Friday, June 29, 2012

Summer Vacation Plans?

I hope you have some vacation time coming up!  For me, I have one more week of TOIEC camp and then I'm free for a few weeks until kid's camp.  I'll be heading down South to Busan, moving some of my stuff to my new apartment and chilling on the beach.  If you have time, but no plans, check out this site:

"Top 10 Places to Visit in South Korea."  Lots of travel advice and insider information for each place too!

p.s. Any readers from Busan?  Want to meet up?  I'll be there for a few days between July 16-27 (not sure yet). 

Monday, June 25, 2012

Reader Question: Distance vs in Person MA Degree

This one from Neil:

"I was wondering about what impression you get from your university and others you hear about regarding distance degrees. As several reputable ones are being created each year, I was curious if it counts against one who completes his or her degree online as opposed to in person. I'm considering a distance degree, an M.A. in Tesol, to eventually land a university job in the next few years. The other option is to return to the USA and earn the degree in person from a prestigious university, which is of course much costlier."

MA TESOL distance degrees seem to be fine to get a uni job in Korea.  The ones from Australia have a bit of a bad reputation, but apart from that, you should be good.  I would never go into a huge amount of debt if you plan to be an ESL teacher.  While you can make a decent living, the salary is not high enough to warrant having a crazy amount of student loan debt.  And, it also makes a lot more sense to actually have students to practice the things you're learning on when you're doing your MA.

Sunday, June 24, 2012

Friday, June 22, 2012

Teaching TOIEC Listening Part 1: Some Tips from the Trenches

Toiec listening part 1 is picture description.  Students look at a picture and then hear 4 statements, 3 or which are false and one which is true.  They have to choose the true one.  It can be quite tricky and plenty of times I actually had to put some mental energy into choosing the right answer.  I'm actually going to see if I can take the TOIEC test with my students at the end of the camp and see if I can ace it :)

Anyway, here are my tips from the trenches if you are teaching this:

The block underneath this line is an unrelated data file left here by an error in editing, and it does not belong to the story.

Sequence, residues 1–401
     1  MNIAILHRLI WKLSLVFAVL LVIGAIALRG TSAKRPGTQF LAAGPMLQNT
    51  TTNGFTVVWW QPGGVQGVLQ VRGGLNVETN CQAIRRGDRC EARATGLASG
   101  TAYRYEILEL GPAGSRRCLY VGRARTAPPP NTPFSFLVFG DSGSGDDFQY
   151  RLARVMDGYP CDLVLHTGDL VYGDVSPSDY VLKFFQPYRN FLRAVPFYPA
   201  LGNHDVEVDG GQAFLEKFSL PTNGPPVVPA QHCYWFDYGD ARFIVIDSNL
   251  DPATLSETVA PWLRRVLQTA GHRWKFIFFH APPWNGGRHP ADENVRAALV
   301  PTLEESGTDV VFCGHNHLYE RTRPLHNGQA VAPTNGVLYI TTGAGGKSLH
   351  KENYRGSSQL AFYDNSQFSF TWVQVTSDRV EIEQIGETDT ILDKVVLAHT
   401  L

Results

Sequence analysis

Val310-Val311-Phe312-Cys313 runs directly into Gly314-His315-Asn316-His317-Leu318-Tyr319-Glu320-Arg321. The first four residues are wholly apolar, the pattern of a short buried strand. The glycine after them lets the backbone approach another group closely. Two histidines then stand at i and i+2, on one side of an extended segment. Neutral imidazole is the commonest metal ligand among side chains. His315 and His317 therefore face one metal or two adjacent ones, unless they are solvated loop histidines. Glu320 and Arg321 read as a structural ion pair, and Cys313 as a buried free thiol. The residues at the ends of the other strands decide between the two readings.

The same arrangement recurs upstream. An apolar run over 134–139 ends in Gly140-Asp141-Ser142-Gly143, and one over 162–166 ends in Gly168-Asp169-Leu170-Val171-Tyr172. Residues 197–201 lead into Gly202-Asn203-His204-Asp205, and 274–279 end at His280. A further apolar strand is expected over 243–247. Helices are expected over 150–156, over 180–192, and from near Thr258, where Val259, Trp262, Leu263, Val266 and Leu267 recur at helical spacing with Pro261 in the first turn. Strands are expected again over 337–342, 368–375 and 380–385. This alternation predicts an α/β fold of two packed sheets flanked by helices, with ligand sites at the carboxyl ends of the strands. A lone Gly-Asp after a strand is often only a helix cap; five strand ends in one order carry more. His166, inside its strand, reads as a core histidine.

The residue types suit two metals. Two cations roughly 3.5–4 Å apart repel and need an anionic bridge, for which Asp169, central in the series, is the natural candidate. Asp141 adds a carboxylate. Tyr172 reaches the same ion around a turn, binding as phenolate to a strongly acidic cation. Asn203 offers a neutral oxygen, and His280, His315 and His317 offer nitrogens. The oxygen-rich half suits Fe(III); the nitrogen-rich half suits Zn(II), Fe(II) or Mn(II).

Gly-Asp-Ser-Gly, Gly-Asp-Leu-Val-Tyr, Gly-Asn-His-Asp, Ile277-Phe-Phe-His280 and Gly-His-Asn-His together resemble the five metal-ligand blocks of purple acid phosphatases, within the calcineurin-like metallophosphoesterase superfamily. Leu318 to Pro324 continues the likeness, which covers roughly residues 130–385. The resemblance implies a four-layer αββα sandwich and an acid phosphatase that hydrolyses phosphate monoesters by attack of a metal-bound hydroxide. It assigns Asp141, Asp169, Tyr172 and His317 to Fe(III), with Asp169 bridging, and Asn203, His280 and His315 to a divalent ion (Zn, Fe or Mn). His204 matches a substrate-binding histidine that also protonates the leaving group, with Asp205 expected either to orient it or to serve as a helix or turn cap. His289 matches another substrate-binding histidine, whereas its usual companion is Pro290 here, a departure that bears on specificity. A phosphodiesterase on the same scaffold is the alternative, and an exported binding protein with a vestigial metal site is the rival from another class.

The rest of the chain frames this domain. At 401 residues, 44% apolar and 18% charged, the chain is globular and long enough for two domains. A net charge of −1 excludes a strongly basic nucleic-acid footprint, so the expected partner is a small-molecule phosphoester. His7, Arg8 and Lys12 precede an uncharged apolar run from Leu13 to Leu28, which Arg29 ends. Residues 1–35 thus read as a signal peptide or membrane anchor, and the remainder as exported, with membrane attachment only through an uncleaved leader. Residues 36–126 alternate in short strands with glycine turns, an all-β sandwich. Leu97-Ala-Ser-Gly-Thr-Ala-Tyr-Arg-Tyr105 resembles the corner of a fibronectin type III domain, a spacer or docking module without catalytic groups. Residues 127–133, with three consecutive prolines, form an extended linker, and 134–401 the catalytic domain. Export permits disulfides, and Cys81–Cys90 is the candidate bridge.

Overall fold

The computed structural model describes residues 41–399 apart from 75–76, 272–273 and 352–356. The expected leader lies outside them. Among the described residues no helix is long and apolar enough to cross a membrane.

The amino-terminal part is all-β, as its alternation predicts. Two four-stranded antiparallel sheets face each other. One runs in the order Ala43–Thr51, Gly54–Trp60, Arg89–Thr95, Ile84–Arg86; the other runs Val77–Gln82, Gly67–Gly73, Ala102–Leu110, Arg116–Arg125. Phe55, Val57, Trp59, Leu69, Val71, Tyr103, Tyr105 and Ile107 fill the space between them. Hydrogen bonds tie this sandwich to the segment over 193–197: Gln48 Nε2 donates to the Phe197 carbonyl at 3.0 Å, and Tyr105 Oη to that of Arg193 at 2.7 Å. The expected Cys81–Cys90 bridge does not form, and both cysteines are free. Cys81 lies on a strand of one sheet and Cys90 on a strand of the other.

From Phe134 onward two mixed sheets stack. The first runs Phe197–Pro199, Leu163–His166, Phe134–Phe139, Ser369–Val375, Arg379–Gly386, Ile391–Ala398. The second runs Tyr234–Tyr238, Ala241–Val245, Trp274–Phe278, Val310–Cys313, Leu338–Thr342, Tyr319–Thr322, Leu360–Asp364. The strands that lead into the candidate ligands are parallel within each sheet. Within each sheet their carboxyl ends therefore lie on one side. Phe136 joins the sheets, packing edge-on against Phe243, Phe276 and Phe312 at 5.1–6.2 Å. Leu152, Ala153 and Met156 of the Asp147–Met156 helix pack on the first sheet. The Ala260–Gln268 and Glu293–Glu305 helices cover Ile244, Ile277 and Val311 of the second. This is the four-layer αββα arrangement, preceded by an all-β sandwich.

1. DON'T (let your students) MAKE ASSUMPTIONS. If there is an older lady, she is just an older lady, not a grandmother.  If people are in a building with luggage and it looks suspiciously like an airport, it might not be.  Ditto with a guy and a young girl: don't assume they are father/daughter.  If a guy is in a business suit and his back is to you, don't assume he is wearing a tie.  Etc, etc, etc.

2. Always look at the picture first!  Here is the system I taught my students to think about as they are looking at the picture:

W(ho):  Man/people/he/she/they (pronouns are very important).  For example: there will be a picture with 3 people, 2 of which are holding papers.  A statement will be: "They are holding papers."  This is false because "they" refers to all 3 people.   

What: (main action verbs).  I got students to think of the ones that are correct, as well as some incorrect verbs that they might hear to throw them off.

Where: A. Location/place (but don't assume).  B. Prepositions (next to, under, inside, etc)

When: (sometimes)

Vocab: think of the 5 most important words you'll need to know

It's easy for student to remember: W, W, W-1/2, (W), V

3. Vocab is huge.  HUGE.  If students get very low scores in this section, it's probably because of this.  My camp does vocab tests everyday and the TAs administer it, but if you're on your own teaching TOEIC listening, you need to be giving daily vocab tests.  

 4. If students don't know the answer to a previous question, just guess and move to the next question.  It's important not to waste time and thinking about the "W/V's" of the next question is a more valuable use of time. 

 Next week: TOIEC Listening Part 2.

Thursday, June 21, 2012

A reponse to "Foreigners Can't teach Grammar or Anything of Substance"

Brian left an excellent comment in response to my latest post on foreigners teaching non-fluffy stuff.

Here is his comment: